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Call of Duty: Psy Ops

ECOLOGIES | Culture Is Ordinary  }

Mark Seddon / October 16, 2021
Call of Duty: Black Ops Cold War ideologically attempts to present "the unholy trinity" of violent repression carried out by the US in Central America as both exciting and necessary. 2602 words / 11 min read

Image: Adam Jones / Creative Commons


Released in November of last year, Call of Duty: Black Ops Cold War is the latest instalment in the popular and lucrative first-person-shooter series. Its publisher, Activision, claims that the game is “inspired by true events” as players “come face-to-face with historical figures and hard truths”, but the game’s marketing campaign also included a tie-in promotion with Bachelor’s Super Noodles, which perhaps signalled that a respectful depiction of harrowing historical events was not really a priority for company executives.

Indeed, while the game does include uncanny depictions of Ronald Reagan, Alexander Haig, James Baker and Mikhail Gorbachev, its plot fails to portray the realities of the Cold War. Instead, the game provides fanciful, bombastic action as the player takes control of a CIA operative tasked with foiling a rogue Soviet agent, codenamed Perseus, who plans to detonate several nuclear weapons throughout Europe. Over the course of the story, the player undertakes covert missions with their CIA team in a globe-trotting adventure across East Berlin, Cuba, Turkey and the Soviet Union.

In one early scene in the game, Alexander Haig questions the legality of the CIA’s in-game actions, which include extrajudicial killings, but Ronald Reagan defends the team. In the President’s words, the player is “protecting our very way of life from a great evil. There is no higher duty, there is no greater honor.” Thus, rather than denying that CIA agents could conceivably take part in illegal actions, the game justifies those actions as necessary to preserve Western lives, with the victims of US violence always being deserving bad guys. As one CIA agent puts it late on in the game, “Some of us will cross the line, to make sure the line’s still there in the morning.”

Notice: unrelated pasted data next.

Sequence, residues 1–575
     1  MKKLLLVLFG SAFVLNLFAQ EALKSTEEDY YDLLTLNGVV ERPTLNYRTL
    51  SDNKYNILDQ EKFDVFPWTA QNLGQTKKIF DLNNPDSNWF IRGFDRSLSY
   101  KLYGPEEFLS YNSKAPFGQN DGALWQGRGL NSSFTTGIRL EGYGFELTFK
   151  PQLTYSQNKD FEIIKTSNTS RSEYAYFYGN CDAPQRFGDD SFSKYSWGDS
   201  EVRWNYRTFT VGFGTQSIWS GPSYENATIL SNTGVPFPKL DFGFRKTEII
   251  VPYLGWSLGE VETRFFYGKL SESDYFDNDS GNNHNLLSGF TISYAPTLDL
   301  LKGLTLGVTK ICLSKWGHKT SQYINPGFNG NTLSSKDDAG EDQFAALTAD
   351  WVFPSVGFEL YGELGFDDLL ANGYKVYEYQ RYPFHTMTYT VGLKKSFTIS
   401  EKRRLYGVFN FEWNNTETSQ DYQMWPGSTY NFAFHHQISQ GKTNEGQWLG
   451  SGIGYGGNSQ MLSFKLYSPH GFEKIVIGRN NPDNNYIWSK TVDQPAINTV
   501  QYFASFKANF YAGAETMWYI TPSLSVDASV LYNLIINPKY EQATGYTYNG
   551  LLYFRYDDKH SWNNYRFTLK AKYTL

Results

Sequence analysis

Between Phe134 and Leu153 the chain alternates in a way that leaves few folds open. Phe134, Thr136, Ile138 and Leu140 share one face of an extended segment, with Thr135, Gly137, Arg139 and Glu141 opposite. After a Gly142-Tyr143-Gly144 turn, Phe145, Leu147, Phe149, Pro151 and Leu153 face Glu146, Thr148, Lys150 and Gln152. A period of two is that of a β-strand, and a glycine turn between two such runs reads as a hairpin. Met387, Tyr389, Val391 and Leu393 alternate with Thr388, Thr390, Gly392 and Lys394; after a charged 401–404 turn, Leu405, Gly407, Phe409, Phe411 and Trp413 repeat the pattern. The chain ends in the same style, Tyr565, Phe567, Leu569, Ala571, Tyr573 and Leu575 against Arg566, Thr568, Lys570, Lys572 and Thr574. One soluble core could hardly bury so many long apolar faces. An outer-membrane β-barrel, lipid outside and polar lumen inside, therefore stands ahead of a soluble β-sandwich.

Unlike the game’s central plot, its portrayal of Ronald Reagan – as a Cold War warrior who saw conflict with the USSR as an ideological battle between competing ways of life – has basis in reality. In 1977, while the US-Soviet relations were in a period of détente, Ronald Reagan explained that his “idea of American policy toward the Soviet Union is simple, and some would say simplistic. It is this: We win and they lose.”

In the years leading up to his election victory in 1980, left-wing armed insurrections in El Salvador and Guatemala, along with successful revolution in Nicaragua, led Reagan and his advisors to view Central America as a particularly crucial theatre in the global Cold War. In his campaign against incumbent President Jimmy Carter, Reagan claimed that his opponent had “managed to alienate our friends in the hemisphere, to encourage the destabilization of governments, and to permit Cuban and Soviet influence to grow.”

After assuming office, Reagan pursued an aggressive policy to roll back Soviet influence around the globe. This so-called Reagan Doctrine was encapsulated in the 1983 NSC National Security Decision Directive 75, which described the aim of US policy as “to contain and over time reverse Soviet expansionism”. The document argued that:

The U.S. must rebuild the credibility of its commitment to resist Soviet encroachment on U.S. interests and those of its Allies and friends, and to support effectively those Third World states that are willing to resist Soviet pressures or oppose Soviet initiatives hostile to the United States, or are special targets of Soviet policy. The U.S. effort in the Third World must involve an important role for security assistance and foreign military sales, as well as readiness to use U.S. military forces where necessary to protect vital interests and support endangered Allies and friends.”